This three-CD, 42-track compilation, spanning 1937-1982 (though largely comprised of performances from the ’60s and ’70s), includes pieces by many of the big names in experimental electronic music: John Cage, Pauline Oliveros, Steve Reich, Terry Riley, Karlheinz Stockhausen, Milton Babbitt, Laurie Spiegel, Robert Ashley, LaMonte Young, Morton Subotnick, and Iannis Xenakis. That alone would make this anthology impressive, but there are also contributions from composers who have made some impact with rock and pop recordings (Brian Eno, Klaus Schulze, Holger Czukay of Can, Jon Hassell), along with some names that are not commonly discussed in highbrow serious music circles (Raymond Scott), some composers not always associated with electronic music (Olivier Messiaen, Edgard Varese), and a host of names that aren’t too well known beyond the avant-garde community. What is most impressive about this set, however, is that is not only serves as a reasonable overview of pre-1980 electronic music, but also is much more accessible in content to non-experts than many such compilations would have been. Contrary to the stereotype of serious electronic music as being difficult to listen to, many of the pieces are quite engaging for novices and electronic specialists alike. That’s not to say there aren’t plenty of more jarring or abstract pieces with minimal ambience or cut-up assemblages, or even occasional tracks that most listeners might find downright annoying (such as MEV’s cacophonous “Spacecraft,” mercifully placed at the very end of the first disc). On the whole, however, the set achieves the effect of both educating and entertaining, and is likely to expand the audience for a music that is too often unwilling to offer inviting introductions that might incite listeners to explore further. The 98-page booklet includes detailed track descriptions and comments, usually by the composers/performers themselves.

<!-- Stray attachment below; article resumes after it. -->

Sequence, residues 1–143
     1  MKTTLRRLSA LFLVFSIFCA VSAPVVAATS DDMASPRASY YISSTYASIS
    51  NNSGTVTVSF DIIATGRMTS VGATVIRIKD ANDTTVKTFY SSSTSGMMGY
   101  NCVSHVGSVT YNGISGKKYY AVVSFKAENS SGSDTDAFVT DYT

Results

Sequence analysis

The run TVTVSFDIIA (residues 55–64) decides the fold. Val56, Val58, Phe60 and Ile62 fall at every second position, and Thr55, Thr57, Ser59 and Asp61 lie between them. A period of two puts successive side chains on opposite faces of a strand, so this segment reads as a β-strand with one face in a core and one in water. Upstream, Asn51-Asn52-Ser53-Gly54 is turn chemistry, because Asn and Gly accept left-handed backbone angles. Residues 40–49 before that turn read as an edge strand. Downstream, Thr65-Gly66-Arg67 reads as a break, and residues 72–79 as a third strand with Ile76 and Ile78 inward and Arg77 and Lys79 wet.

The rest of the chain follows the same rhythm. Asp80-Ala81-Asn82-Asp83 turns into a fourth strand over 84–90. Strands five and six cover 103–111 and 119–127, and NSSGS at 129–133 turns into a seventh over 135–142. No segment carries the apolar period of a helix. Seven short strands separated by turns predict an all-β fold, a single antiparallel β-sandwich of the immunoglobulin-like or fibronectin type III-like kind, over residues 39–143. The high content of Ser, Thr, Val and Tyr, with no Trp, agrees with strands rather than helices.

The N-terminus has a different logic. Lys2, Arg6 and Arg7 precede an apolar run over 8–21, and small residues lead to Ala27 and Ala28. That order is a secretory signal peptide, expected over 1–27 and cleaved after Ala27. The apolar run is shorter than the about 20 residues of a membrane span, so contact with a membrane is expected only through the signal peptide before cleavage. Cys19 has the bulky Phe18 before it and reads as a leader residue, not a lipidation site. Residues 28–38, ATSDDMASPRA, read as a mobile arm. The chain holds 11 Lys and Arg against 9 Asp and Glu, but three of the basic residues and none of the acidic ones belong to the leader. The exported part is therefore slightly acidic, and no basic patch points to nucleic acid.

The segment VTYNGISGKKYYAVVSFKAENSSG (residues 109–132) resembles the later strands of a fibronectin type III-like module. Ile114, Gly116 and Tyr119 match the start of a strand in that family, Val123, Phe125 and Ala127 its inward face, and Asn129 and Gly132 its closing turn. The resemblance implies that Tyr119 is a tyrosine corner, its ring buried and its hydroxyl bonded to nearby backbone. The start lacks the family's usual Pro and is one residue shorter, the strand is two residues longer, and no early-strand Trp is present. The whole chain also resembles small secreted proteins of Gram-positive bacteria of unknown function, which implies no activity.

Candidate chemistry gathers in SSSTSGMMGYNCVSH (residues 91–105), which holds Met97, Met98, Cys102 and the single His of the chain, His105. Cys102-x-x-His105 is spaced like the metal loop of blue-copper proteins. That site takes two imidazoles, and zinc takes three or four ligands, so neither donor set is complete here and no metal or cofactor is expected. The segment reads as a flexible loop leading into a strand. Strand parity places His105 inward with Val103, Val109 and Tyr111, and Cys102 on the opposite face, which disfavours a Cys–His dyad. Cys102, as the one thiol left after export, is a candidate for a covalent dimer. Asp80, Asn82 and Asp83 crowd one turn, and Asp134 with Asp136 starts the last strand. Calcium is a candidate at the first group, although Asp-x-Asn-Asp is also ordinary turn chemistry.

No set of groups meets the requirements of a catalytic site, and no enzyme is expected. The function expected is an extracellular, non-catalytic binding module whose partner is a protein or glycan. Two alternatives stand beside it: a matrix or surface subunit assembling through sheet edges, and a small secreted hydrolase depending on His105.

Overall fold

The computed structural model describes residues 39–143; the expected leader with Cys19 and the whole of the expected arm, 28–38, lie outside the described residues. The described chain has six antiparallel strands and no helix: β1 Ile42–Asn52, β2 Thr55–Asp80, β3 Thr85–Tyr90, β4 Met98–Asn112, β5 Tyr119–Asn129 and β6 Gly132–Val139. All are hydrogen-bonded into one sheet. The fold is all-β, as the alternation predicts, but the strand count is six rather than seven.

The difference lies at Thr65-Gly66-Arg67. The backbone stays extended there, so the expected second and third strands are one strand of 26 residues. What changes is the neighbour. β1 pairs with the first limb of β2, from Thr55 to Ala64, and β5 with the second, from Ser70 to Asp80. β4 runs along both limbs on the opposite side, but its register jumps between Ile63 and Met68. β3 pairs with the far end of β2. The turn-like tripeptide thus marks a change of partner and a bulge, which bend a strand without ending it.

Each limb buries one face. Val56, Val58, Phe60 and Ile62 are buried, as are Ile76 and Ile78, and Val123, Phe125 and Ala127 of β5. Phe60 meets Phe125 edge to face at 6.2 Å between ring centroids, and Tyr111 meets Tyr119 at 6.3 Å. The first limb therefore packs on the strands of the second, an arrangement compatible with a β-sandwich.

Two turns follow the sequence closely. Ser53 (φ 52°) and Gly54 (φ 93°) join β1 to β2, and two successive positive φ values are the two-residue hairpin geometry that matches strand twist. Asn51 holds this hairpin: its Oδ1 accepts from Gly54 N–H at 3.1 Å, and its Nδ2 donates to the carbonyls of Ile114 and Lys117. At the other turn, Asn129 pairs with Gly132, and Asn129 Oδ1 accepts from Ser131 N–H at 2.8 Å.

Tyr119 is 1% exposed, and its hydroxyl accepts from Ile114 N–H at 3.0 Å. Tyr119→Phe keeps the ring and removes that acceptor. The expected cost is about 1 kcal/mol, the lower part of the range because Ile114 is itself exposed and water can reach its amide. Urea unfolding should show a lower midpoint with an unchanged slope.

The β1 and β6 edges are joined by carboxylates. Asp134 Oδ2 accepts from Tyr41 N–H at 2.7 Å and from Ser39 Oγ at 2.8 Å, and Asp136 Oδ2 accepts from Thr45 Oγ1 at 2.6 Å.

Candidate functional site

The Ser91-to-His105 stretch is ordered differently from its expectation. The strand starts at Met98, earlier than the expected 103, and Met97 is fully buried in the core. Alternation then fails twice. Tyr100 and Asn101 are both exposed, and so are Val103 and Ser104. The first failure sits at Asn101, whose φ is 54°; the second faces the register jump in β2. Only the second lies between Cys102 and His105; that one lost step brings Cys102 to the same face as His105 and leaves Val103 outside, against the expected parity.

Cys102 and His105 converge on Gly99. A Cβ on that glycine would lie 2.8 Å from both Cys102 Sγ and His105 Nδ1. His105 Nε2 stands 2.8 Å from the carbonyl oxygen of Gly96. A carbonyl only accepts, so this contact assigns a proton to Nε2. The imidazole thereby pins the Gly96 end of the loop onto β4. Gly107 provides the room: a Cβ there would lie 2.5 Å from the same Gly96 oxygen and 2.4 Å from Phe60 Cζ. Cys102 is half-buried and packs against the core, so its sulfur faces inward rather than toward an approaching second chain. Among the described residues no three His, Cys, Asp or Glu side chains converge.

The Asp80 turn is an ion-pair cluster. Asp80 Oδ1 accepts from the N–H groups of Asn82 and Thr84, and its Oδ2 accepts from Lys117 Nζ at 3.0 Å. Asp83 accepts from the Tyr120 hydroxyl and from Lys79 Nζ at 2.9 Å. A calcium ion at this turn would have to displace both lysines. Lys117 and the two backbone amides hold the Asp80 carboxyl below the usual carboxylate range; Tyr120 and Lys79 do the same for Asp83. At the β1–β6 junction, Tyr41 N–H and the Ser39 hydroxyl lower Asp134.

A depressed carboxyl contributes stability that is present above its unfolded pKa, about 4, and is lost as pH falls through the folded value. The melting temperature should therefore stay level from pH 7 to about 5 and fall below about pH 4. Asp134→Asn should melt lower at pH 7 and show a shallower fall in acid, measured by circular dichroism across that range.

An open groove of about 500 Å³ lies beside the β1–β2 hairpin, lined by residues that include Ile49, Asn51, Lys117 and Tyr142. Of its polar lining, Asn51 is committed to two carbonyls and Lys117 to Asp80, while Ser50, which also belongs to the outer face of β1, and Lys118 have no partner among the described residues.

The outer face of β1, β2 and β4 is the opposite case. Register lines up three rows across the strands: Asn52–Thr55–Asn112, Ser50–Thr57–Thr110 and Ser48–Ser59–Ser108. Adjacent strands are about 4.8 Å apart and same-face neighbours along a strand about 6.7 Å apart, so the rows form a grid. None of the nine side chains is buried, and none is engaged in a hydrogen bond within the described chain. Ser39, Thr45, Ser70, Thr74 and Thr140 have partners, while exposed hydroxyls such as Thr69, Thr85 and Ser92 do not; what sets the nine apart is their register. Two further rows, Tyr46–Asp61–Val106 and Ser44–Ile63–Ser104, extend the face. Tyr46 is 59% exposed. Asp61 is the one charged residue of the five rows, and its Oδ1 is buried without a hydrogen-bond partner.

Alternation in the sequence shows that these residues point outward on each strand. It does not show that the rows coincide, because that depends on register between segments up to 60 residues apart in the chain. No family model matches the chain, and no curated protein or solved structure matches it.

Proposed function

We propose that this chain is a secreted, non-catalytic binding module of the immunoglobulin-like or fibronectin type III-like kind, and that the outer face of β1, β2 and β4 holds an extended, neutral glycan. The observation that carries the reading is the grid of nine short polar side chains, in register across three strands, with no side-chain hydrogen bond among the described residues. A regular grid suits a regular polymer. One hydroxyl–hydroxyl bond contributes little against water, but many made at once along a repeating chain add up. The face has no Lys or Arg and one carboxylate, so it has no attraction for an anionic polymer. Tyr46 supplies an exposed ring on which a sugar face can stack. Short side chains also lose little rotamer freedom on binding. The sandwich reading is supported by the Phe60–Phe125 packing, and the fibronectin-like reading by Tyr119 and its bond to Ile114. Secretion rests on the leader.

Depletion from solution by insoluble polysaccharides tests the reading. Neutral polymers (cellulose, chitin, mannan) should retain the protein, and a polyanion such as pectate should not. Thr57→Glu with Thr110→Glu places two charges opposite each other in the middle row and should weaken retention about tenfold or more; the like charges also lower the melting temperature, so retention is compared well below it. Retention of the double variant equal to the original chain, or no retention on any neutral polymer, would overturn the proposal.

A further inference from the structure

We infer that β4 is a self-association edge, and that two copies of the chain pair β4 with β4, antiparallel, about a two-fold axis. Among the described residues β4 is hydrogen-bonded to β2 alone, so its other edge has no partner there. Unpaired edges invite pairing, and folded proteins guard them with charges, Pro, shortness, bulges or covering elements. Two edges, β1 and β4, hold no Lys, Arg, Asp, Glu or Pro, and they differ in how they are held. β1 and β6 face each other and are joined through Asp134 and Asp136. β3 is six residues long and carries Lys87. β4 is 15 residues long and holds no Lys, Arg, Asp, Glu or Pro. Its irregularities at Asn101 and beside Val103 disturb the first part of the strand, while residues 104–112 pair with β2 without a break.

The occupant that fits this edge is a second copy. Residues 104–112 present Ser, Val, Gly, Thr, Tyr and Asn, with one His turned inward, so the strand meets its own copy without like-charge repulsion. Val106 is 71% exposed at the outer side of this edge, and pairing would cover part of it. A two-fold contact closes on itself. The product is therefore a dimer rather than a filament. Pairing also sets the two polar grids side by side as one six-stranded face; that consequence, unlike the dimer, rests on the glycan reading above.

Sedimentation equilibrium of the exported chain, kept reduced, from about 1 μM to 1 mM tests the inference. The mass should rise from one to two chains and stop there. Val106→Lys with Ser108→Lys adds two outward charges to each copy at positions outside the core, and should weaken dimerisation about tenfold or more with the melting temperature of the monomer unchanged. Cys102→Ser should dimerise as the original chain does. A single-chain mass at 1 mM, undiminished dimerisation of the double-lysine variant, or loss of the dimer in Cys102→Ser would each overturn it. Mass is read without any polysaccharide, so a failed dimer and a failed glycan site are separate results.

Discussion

-Richie Unterberger, allmusic.com